Sant'Orsola Terme (German: Eichberg or St. Urschl; Mòcheno: Oachpergh) is a comune (municipality) in Trentino in the northern Italian region Trentino-Alto Adige/Südtirol, located about 15 kilometres (9 mi) northeast of Trento. As of 31 December 2004, it had a population of 933 and an area of 15.4 square kilometres (5.9 sq mi).Sant'Orsola Terme borders the following municipalities: Bedollo, Baselga di Pinè, Palù del Fersina, Fierozzo, Frassilongo and Pergine Valsugana.


Schladming (Austro-Bavarian: Schlaming) is a small former mining town in the northwest of the Austrian state of Styria that is now a popular tourist destination. It has become a large winter-sports resort and has held various skiing competitions, including most notably the FIS Alpine World Ski Championships 1982 and the FIS Alpine World Ski Championships 2013. The shopping area has many cafes and restaurants, and a variety of shops that cater to tourists.

Southern Bavarian

Southern Bavarian, or Southern Austro-Bavarian, is a cluster of Upper German dialects of the Bavarian group. They are primarily spoken in Tyrol (i.e. the Austrian federal state of Tyrol and the Italian province of South Tyrol), in Carinthia and in the western parts of Upper Styria. Due to the geographic isolation of these Alpine regions, many features of the Old Bavarian language from the Middle High German period have been preserved. On the other hand, the Southern Bavarian dialect area is influenced by Slovene, Italian Greek and Ladin minority languages.

The speech area historically included the former linguistic enclaves in Carniola (present-day Slovenia) around Kočevje in the Gottschee region (Gottscheerish), Sorica (Zarz) and Nemški Rovt (Deutsch Ruth). The Cimbrian language still spoken in several language-islands in north-eastern Italy (Friuli, Veneto and Trentino) mostly counts as a separate Bavarian language variant. Southern Bavarian is also spoken in the Werdenfelser Land region around Mittenwald and Garmisch-Partenkirchen in German Upper Bavaria.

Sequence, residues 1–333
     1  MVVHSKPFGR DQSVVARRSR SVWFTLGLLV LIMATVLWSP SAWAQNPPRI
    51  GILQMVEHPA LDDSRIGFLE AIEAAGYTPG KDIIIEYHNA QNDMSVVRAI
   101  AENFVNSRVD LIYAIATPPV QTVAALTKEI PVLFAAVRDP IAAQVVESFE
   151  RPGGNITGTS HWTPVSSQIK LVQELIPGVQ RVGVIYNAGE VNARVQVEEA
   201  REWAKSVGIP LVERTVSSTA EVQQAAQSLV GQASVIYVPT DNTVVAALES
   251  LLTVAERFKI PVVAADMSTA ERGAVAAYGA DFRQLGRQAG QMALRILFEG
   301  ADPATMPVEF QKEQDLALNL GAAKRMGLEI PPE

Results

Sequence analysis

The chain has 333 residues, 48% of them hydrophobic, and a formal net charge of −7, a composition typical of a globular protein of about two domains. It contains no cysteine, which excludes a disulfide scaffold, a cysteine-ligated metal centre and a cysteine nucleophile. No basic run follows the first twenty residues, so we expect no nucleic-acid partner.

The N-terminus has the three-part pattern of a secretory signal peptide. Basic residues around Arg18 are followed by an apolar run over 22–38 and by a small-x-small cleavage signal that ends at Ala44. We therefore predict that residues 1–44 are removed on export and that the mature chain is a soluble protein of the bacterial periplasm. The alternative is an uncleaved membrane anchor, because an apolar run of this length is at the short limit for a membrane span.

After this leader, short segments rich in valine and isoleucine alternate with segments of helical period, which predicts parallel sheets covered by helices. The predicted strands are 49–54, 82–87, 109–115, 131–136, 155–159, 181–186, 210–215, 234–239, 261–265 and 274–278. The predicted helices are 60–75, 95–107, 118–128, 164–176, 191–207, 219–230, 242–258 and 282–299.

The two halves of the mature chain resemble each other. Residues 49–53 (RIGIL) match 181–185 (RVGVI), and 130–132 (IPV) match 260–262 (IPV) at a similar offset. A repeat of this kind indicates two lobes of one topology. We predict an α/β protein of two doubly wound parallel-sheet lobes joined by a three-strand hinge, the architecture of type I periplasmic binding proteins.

The Tyrolean Unterland, the Alpine regions of Salzburg (Pinzgau, Pongau and Lungau), as well as the adjacent parts of Styria and southern Burgenland form the dialect continuum with the Central Bavarian language area in the north.

Strammer Max

Strammer Max (English: roughly "Strapping Max") is a traditional name applied to various sandwich dishes in German cuisine.

Swabia (Bavaria)

Swabia (German: Schwaben, Austro-Bavarian: Schwobm) is one of the seven administrative regions of Bavaria, Germany.

Upper Bavaria

Upper Bavaria (German: Oberbayern, Austro-Bavarian: Obabayern) is one of the seven administrative districts of Bavaria, Germany.

Upper Franconia

Upper Franconia (German: Oberfranken, Austro-Bavarian: Obafrankn) is a Regierungsbezirk (administrative [Regierungs] region [bezirk]) of the state of Bavaria, southern Germany. It forms part of the historically significant region of Franconia (See also: Middle Franconia and Lower Franconia), all now part of the German Federal State of Bayern (Bavaria).

With more than 200 independent breweries which brew approximately 1000 different types of beer, Upper Franconia has the worlds highest brewery-density per capita. A special Franconian beer route (Fränkische Brauereistraße) leads along popular breweries.

Upper German

Upper German (German: Oberdeutsch ) is a family of High German languages spoken primarily in the southern German-speaking area (Sprachraum).

Upper Palatinate

The Upper Palatinate (German: Oberpfalz, Austro-Bavarian: Obapfoiz, Owerpfolz) is one of the seven administrative districts of Bavaria, Germany, located in the east of Bavaria.

Viennese German

Viennese German (Austro-Bavarian: Weanarisch, Weanerisch, German: Wienerisch) is the city dialect spoken in Vienna, the capital of Austria, and is counted among the Bavarian dialects. It is distinct from written Standard German in vocabulary, grammar, and pronunciation. Even in Lower Austria, the state surrounding the city, many of its expressions are not used, while farther to the west they are often not even understood.